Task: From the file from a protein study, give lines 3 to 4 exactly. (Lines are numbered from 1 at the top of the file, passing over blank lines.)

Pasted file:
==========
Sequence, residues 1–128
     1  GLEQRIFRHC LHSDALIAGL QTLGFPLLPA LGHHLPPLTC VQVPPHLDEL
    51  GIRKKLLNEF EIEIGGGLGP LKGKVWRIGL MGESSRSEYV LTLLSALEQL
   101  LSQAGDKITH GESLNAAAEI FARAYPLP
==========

    51  GIRKKLLNEF EIEIGGGLGP LKGKVWRIGL MGESSRSEYV LTLLSALEQL
   101  LSQAGDKITH GESLNAAAEI FARAYPLP